Saturday, Aug 18, 2018
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College

No. 24 Michigan holds on to beat Minnesota

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    Michigan guard Muhammad-Ali Abdur-Rahkman is fouled by Minnesota guard Jamir Harris during overtime.

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    Michigan head coach John Beilein yells from the sidelines during the second half of Saturday's game against Minnesota.

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    Minnesota forward Jordan Murphy dunks in front of Michigan guard Charles Matthews.

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    Minnesota head coach Richard Pitino gestures during the first half of Saturday's game at Michigan.

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    Michigan guard Jordan Poole, left, walks off the court with guard Muhammad-Ali Abdur-Rahkman after the team's 76-73 overtime win over Minnesota.

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    Minnesota forwards Davonte Fitzgerald, left, and Jordan Murphy, right, battle for a rebound with Michigan forward Moritz Wagner.

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ANN ARBOR, Mich. — Muhammad-Ali Abdur-Rahkman made up for missing two free throws late in regulation when he failed to take advantage of an opportunity to seal a victory.

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Michigan guard Muhammad-Ali Abdur-Rahkman is fouled by Minnesota guard Jamir Harris during overtime.

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Abdur-Rahkman bounced back with a tiebreaking three-point play with 3.8 seconds left in overtime and finished with 17 points as No. 24 Michigan held on to beat Minnesota 76-73 Saturday.

“I’m very proud of the way he responded,” said Moe Wagner, who had 16 points and 10 rebounds for the Wolverines.

Michigan (19-6, 8-4 Big Ten) needed the extra time to win because they struggled to shoot from the field and the line. And they failed to slow down a pair of guards.

The short-handed Golden Gophers (14-11, 3-9) didn’t trail until early in the second half and were in a position to end their longest losing streak of the year because freshman Isaiah Washington had a season-high 26 points and Nate Mason scored 22 points, including a 3-pointer with 5.3 seconds left that tied the game.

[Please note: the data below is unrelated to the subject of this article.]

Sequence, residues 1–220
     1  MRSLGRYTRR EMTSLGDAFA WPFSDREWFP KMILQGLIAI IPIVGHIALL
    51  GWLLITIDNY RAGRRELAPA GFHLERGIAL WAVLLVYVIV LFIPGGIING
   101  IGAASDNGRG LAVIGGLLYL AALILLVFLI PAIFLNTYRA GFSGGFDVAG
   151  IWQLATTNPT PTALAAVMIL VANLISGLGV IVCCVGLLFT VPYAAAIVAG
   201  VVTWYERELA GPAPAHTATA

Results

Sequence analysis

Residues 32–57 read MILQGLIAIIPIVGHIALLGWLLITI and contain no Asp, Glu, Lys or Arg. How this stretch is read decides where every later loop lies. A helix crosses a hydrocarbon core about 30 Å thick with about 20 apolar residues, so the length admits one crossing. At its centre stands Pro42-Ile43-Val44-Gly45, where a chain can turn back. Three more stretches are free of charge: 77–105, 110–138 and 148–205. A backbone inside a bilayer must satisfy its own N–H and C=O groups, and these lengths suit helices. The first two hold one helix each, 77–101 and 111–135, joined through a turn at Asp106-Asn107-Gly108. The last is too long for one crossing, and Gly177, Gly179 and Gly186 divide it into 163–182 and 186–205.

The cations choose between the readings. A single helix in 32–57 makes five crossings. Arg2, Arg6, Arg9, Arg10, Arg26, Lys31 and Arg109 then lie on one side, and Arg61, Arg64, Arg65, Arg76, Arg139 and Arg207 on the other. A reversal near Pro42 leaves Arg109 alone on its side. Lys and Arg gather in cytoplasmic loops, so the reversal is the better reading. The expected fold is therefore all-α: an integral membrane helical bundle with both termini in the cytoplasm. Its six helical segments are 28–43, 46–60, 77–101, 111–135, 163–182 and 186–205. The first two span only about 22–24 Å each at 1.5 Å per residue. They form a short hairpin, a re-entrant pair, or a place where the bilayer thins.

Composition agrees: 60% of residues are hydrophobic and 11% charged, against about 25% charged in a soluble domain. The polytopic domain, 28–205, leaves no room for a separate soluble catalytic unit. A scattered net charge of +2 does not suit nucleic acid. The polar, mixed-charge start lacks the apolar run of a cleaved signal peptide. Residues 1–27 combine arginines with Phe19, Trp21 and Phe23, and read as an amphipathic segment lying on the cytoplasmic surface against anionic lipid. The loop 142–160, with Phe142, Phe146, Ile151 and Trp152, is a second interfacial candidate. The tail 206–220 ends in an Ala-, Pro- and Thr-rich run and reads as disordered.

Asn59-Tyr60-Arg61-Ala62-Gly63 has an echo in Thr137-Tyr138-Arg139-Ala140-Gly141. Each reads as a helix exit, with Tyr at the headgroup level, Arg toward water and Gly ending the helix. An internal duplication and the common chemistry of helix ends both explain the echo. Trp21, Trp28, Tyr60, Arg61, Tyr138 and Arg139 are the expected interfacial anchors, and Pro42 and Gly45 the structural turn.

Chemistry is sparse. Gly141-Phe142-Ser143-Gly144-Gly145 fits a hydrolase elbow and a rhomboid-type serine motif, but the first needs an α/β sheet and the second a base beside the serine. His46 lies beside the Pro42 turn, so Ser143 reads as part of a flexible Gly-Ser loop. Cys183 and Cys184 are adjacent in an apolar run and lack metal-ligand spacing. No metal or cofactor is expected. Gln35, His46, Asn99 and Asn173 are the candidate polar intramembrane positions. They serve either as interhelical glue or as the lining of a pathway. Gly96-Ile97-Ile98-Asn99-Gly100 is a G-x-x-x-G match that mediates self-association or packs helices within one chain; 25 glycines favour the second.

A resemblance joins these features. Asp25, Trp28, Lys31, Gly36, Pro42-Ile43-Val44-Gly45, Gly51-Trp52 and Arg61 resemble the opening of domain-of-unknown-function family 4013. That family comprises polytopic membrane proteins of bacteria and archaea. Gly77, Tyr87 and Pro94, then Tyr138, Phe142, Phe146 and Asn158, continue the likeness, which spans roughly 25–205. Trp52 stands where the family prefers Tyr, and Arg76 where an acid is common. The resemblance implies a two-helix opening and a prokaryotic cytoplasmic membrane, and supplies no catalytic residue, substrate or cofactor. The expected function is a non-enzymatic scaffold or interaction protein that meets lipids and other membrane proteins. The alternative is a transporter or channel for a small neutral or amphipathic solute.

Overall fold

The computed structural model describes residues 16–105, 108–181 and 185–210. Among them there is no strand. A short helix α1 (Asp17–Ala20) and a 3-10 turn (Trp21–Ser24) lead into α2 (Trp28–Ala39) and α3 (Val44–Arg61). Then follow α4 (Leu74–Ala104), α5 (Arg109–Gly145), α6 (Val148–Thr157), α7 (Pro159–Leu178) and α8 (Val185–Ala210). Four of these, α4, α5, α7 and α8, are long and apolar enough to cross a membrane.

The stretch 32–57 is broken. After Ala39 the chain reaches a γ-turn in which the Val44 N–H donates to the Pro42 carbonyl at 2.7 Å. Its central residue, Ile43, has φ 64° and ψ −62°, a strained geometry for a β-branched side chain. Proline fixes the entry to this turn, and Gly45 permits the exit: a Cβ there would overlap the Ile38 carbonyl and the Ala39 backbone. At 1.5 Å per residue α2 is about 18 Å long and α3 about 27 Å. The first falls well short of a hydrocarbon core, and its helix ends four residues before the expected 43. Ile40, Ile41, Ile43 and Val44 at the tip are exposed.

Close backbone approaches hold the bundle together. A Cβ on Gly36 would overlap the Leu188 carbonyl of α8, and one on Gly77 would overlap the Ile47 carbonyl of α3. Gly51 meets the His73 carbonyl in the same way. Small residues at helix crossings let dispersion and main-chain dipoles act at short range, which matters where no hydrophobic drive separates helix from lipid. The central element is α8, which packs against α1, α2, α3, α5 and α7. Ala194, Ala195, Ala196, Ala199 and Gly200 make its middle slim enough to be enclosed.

Mason was just short on a shot from about 30 feet that would have forced a second overtime.

“I’m proud of our guys for their effort,” Minnesota coach Richard Pitino said. “To play in front of a sold-out crowd when you’re down two of your top six, no team in college basketball can sustain that. We’re not feeling sorry for ourselves. We’re not making excuses. We’ve got to play as close to perfect as we possibly can in order to win. We were close. We know we can play with anybody if we play the right way.”

Michigan’s Zavier Simpson made a layup and a 3-pointer — after missing his first seven attempts beyond the arc — to give his offensively challenged team a four-point lead with 2:50 left in the extra period.

The Gophers tied the game with 11 seconds left, but couldn’t keep Abdur-Rahkman from making the game-winning play on a hard-charging, spinning drive for a layup on which he was fouled by Jamir Harris.

Simpson scored 15 and Charles Matthews had 13 points for the Wolverines, who have won four straight at home. Michigan made just 44 percent of its shots from the field and was 8 of 32 from the 3-point line.

Minnesota’s Jordan Murphy fouled out in overtime with 12 points and six rebounds.

ON THE MOVE

Washington played a lot for a second straight game and made the most of it, surpassing a season high in scoring he set in last game with 15 points against Iowa. In the four games before that, the highly touted guard from New York scored a total of six points and averaged just 5 minutes.

“As he starts to play harder and starts practicing harder, I think coach is going to give him more opportunities,” Murphy said. “When he plays hard, he’s a really talented, young player.”

HE SAID IT

Michigan freshman Jordan Poole, who is averaging seven points in Big Ten games, was held scoreless in 12 minutes. Poole was 0 of 4 with each miss from beyond the arc against Minnesota.

“The pool was closed tonight, I guess,” Beilein quipped.

BIG PICTURE

Minnesota: The Gophers, who played just seven players, extended their season-long losing streak to five games. Minnesota was without Reggie Lynch because of an investigation into sexual assault allegations along with Amir Coffey (right shoulder) and Gaston Diedhiou (ankle) due to injuries.

“It’s not an excuse,” Murphy said. “I think we should have won the game, but, I mean, they made some good plays down the stretch and we weren’t so good defensively down the stretch.”

Michigan: The Wolverines will lose some games they should win if they don’t shoot better at the free throw line. They were 12 of 28 at the line, an area that has been a season-long weakness — especially for Simpson and Matthews.

Beilein said he hasn’t had a team shoot as poorly in 30-plus years since he was at Le Moyne College three-plus decades ago. At Michigan, he has tried to help his team get over the mental block with meditation and may even bring in a hypnotist.

“We’re ready for anything,” Beilein said.

UP NEXT

Minnesota: Hosts Nebraska on Tuesday night.

Michigan: Plays at Northwestern on Tuesday night.

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